by Lesley Lammers
Twelve years ago, Cassie Parsons took a leap and left the corporate food industry where she worked as a chef. Discouraged by the work ethic and processed, unhealthy ingredients she was using, she tried her hands at organic landscaping for several years. One day when visiting Yesterways Farm to pick up organic fertilizer, Parsons was inspired by what she witnessed. Seeing the chickens, pigs and cattle roam freely in the pastures, she fell in love with the idea of farming.
A FARM EDUCATION
The 71 year-old farmer, Jane Biggers, shared words that really struck a cord with Parsons, “She told me it was criminal not to know where your food came from and for me to have been a chef for so many years thinking I knew everything about food.” After apprenticing for Biggers, Parsons and her partner Natalie Veres bought ten acres in Denver, NC and brought to life Grateful Growers Farm. Parsons soon came to realize that fresh, local, sustainable food was just plain superior. “This was a huge awakening for me as a chef; the flavor, texture, taste were incredible.”
UPSCALE STREET FARE
To Parsons, sustainability also means being able to pay your mortgage and make a living. Quickly understanding that running a small farm wasn’t cutting the mustard, she once again ventured back into the world of cooking, but this time with a new approach and awareness. Parsons received a grant from Rural Advancement Foundation International (RAFI) to start a gourmet food truck in Charlotte featuring local, sustainably grown food from Grateful Growers and other nearby farms. Serendipitously, Dunhill Hotel General Manager Craig Spitzer became a loyal customer of her upscale street fare and offered Parsons the opportunity to revitalize the hotel’s on-the-skids restaurant. “It made sense because I could have fun doing what I love and spread the word about local food.”
A RESTAURANT IS BORN
Charlotte’s Harvest Moon Grille was born in 2010, sourcing approximately 95 percent of their food from within 100 miles of the restaurant. The other five percent accounts for staples like salt pepper, olive oil, oranges and limes for the bar. Many restaurants tout themselves as local, but few take it quite as seriously as Parsons, with a menu that on some days literally changes by the hour to adjust to the seasonal cornucopia. “That is the beauty of what we have created here, a creatively driven team inspired by whatever comes in the back door.” All breads and pastas are made in-house with local, certified organic grains, and several cheeses, dressings and charcuterie items are handmade on-site.
REAL ECONOMIC STIMULUS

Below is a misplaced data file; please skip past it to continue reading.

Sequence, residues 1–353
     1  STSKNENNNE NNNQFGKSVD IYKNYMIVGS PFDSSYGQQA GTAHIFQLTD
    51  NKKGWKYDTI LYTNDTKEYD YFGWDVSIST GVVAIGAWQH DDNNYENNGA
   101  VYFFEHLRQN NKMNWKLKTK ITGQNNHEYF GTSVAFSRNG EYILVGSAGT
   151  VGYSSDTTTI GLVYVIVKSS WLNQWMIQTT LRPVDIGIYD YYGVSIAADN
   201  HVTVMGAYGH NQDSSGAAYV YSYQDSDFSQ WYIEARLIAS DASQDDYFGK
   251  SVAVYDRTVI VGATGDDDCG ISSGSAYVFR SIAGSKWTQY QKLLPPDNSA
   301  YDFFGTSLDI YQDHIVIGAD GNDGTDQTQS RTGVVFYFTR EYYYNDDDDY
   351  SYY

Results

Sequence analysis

Becoming a farm-to-table restaurant can seem like a daunting task logistically for most restaurants, explains Parsons. “Sometimes I think we intimidate other restaurants because we are doing what’s not comfortable, what’s hard and challenging.” In a typical month, Harvest Moon will source from 46 farmers, with some ingredients directly delivered and others picked up from the farmers market and their own farm. In their first year, Parsons was proud to spend $400,000 on product from local farms, half from farms within 40 miles. Her advice to other restauranteurs is to simply “take the plunge and do it. They will realize how fresh and clean local and sustainably grown food can be. I don’t compromise the integrity of our products. People really see it, taste it, smell it, feel it. It’s neat to watch that process.”
22 chefs work under Parson’s tutelage and she feels as though this is her way of impacting the next generation. The younger chefs are encouraged by the variety of local ingredients like purple cauliflower and crooked neck squash and are trained to utilize every part of the products. What can’t be used is given to their other set of workers -- the earthworms -- to be composted and used back on the farm.
Considering herself a lifelong entrepreneur, Parsons is always looking for ways to save money and find food sources even closer to the restaurant. On her drive to work, she kept noticing the empty lots and all the people living or spending the day out on the streets with idle hands. She thought there might be a win-win situation for both the restaurant and the community, a way to empower residents to empower themselves while putting extra cash in their pocket. “They may have a job at an hourly wage and this could help supplement their income and be a deal breaker for them.”
A NETWORK OF URBAN FARMS
This inspired the idea to start a network of urban farms that employ local community residents, the first being Seigle Farm at Seigle Avenue Presbyterian Church just around the corner from Harvest Moon. Ultimately, Parson’s hopes to build five urban farms across Charlotte. This initiative along with Parsons’ sincere commitment to supporting local farms and the local economy earned her the Citizen Entrepreneur award from Global Green USA. “I just want to take care of my community. If I don’t create sustainability within my environment, then there will be no sustainability. We are trying to do things a little bit differently and do it with love in a